TEL AVIV (JTA) — One of the earliest shocking atrocities to emerge from Hamas’s murderous invasion of Israel on Saturday happened at the Supernova music festival, an all-night rave near Kibbutz Re’im on the Gaza border.
Terrorists descended upon the festival on Saturday morning, spraying the thousands of revelers, most of them young adults, with gunfire as they escaped by car and fled through an open field. Photos and video show panicked crowds running for their lives, cars riddled with bullets and a road strewn with dead bodies.
By the end of the massacre, 260 people were murdered — some, survivors say, after being raped. Others were captured by the attackers or wounded by the gunfire. Missiles rained down on the area throughout the attack.
The Jewish Telegraphic Agency asked a few survivors to share how they escaped. Here are their stories, in their own words:
The rave began on Friday night in a large outdoor space. At about 6 a.m., partygoers begin to hear sirens warning them of incoming rockets from Gaza.
Yaelle Bonnet, 21: We went to Nova, we got there at something like 1 and didn’t stop dancing until 6:30 in the morning, when suddenly, sirens started. … The producers stopped the music pretty early and asked everyone to break up, go to their cars and go home. We found the car we came in, got in and started leaving. No one really understood the extent of the situation.
Gad Liebersohn, 21: I got to the party at 4. Around 6, 6:30 the sirens started, the music stopped. Missiles and rockets started coming from everywhere. We heard booms everywhere.
Yarin Amar, 22: The sights I have seen won’t leave my mind for a long time yet. Dancing at a party with friends, and out of nowhere rockets that won’t stop. You get a warning about terrorists driving out. Not a second has gone by, and those hundreds of terrorists are shooting at us from every direction.
Initially, many of the partygoers attempt to escape by car, but a traffic jam quickly forms and they are unable to leave the area before the shooting begins. Drivers exit their cars and begin to flee on foot.
Yaam Grimberg: I grabbed two good friends that were with me, and another friend. We escaped to the car, we started driving. We were blocked everywhere. They started shooting at us.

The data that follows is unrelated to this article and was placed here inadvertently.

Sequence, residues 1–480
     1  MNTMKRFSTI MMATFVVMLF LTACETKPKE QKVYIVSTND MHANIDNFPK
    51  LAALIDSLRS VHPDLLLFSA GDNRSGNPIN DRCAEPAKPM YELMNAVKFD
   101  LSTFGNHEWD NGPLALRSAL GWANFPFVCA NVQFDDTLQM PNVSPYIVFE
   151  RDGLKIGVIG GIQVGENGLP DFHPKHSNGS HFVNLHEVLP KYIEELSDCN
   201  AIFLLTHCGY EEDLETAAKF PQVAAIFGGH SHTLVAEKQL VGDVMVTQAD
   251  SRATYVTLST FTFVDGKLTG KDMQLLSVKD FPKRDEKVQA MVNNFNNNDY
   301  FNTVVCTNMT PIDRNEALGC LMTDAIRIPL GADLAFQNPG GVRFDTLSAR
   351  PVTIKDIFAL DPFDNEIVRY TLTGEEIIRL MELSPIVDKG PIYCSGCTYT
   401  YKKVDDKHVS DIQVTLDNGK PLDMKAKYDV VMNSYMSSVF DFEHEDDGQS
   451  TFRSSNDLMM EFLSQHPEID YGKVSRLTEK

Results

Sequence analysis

Yaelle: There was traffic and we understood why, when two cars ahead of us, they just came out of the pickup truck. I don’t remember exactly how they looked. It was a white pickup truck, they were also wearing white. They got out of the pickup truck with really big rifles, started to point and shoot everywhere.
Gad: At some point there was an announcement from the police, shouting into a megaphone that all the cars need to leave via the exit. I got in the car and started driving toward the exit, and that’s where the yelling had started: “Terrorists! Terrorists! They’re shooting at us!”
They started to shoot at the cars, at us. At that moment everyone parked their cars, left their cars there and just started fleeing.
Yarin: Cars are getting shot up. I left the car and ran, just ran, and on the way I see people murdered and falling to the ground in front of me.
Video from the massacre shows a crowd of people running through an open field, in full view of the terrorists. Many get shot in the back and are killed or injured.
Yaelle: We kept going with the car until it got stuck in the field. We didn’t know if we should stay with the car or escape on foot. What do you do when you’re being shot at?
Gad: You see people being massacred like ducks falling next to you. One person falls next to you, gets hit by a bullet, then another person falls next to you, gets hit by a bullet. You hide under some car, the car starts driving.
I was left out in the open so I ran to the forest to my left. I started to run into the forest and hide. Then they started to shoot everywhere. There were rockets at the same time.
Yarin: With helplessness and tears in my eyes I grabbed hold of a guy I didn’t know and said, “Please stay with me, I’m scared, don’t go.” With the shooting, we had to keep running. We ran to the field to escape to the kibbutz, and then we realized they were everywhere.
Some of the survivors escape the attackers by hiding alone or with others. Some go into bomb shelters and others hide in the area’s greenery as terrorists continue to advance on them. Two of the survivors told JTA that their calls to police went unanswered.
Yaam: We were able to hide in a shelter. Within a few minutes, I understood that if we stayed there they would just come and slaughter us, so I took the friends and we sprinted back to the car as bullets flew over our heads.
Yaelle: We joined a pretty big group of some people who had all escaped in the same direction, to the fields. We kept going, and there was a police officer, he didn’t have any bullets left in his gun, he seemed pretty scared, just like us. He didn’t have reception on his radio. He didn’t have much of anything.